The draft guideline was released just weeks before Commissioner Scott Gottlieb’s set exit. This move was infact one of Gottlieb’s priorities following the backlash he faced for the alleged increase in teen vaping, which many conveniently blamed on the PMTA delay.
Flavours Banned from most retail outlets
The guidance calls for the ban of flavoured products with the exception of tobacco, mint or menthol-flavored e-cigarettes, from retail stores that minors can access easily, such as convenience stores or gas stations.
Additionally, the document has also announced that the infamous PMTA deadline which the FDA has been heavily criticised for, will now be moved a year forward from 2022 to 2021. Only last week, U.S. Rep. Nita Lowey once again called out Gottlieb for the delay, saying that it was a “big, big whopping mistake” and that it helped fuel the alleged rise in teen vaping.
In response to these accusations, the Commissioner had explained that the agency was trying keep a balance between making the products inaccessible for youth and keeping them available for adults who want to quit smoking.
“We’re trying to thread a public health needle here where we preserve some element of the availability of these products for adults while foreclosing them for kids, or at least really dramatically curtailing the availability of kids to access these products,” he said. Sadly, only a few days later, there is no sign of this balance.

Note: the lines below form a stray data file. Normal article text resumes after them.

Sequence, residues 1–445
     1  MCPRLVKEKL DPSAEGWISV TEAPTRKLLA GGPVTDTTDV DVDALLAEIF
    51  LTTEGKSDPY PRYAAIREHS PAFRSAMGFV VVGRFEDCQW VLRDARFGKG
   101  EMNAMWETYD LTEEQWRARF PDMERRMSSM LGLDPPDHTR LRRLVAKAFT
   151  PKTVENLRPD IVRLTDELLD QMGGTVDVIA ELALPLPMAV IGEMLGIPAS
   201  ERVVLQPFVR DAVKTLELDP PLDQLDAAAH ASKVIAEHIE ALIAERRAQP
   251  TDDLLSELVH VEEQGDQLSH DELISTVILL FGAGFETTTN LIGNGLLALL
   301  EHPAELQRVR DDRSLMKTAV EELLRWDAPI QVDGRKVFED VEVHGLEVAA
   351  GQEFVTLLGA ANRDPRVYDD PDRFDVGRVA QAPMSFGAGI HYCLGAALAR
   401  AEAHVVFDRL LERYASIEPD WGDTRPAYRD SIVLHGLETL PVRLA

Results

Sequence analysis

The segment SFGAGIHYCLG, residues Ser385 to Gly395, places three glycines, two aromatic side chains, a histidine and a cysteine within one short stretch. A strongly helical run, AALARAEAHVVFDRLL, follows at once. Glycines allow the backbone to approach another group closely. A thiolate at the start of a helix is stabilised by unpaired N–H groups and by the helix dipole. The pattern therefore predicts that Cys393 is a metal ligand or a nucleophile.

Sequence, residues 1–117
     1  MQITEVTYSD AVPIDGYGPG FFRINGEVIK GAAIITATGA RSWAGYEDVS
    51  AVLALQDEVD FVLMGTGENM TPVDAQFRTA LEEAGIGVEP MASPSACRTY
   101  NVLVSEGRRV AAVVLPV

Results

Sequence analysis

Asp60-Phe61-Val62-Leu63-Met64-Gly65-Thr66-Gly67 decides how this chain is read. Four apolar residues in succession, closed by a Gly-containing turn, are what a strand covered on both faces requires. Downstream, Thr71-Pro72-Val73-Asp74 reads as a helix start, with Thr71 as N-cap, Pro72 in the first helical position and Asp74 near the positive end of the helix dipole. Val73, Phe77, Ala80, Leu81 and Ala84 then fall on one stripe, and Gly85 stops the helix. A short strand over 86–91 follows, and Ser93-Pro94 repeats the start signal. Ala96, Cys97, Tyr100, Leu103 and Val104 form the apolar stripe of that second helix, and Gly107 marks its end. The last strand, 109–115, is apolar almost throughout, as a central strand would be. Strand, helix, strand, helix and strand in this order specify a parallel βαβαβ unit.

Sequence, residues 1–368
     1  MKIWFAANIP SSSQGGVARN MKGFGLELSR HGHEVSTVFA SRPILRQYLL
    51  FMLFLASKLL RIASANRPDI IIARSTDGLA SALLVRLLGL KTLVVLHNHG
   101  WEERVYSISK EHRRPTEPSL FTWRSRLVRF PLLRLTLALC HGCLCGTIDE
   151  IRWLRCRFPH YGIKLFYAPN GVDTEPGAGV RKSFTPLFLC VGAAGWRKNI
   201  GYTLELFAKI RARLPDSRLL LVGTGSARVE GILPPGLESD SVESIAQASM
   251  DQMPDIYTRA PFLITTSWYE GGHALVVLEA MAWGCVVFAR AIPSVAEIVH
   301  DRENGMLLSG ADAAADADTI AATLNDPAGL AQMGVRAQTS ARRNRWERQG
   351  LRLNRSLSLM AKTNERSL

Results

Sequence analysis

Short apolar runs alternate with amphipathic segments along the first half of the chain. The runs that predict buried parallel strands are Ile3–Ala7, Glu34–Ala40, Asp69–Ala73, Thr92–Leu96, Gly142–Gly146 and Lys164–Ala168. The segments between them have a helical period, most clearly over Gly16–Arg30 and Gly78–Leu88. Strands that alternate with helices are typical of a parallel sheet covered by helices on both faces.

Misinformation informing policy?
The infamous PreMarket Tobacco Applications (PMTA) delay had been announced in August 2017. Following this, the FDA had become the recipient of mounting pressures from a number of groups including the American Academy of Pediatrics, American Cancer Society Cancer Action Network, American Heart Association, American Lung Association and Campaign for Tobacco-Free Kids and Truth Initiative, who even sued the agency.
In recent years, these organizations have all been responsible for ignoring the scientific evidence in favour of vaping products as harm reduction and smoking cessation tools, and sharing misinformation about vaping that could be costing a number of smokers their lives.
The public will have 30 days to comment on the guideline, which will other wise go into effect 30 days after it is finalized.
Read Further: Vaping360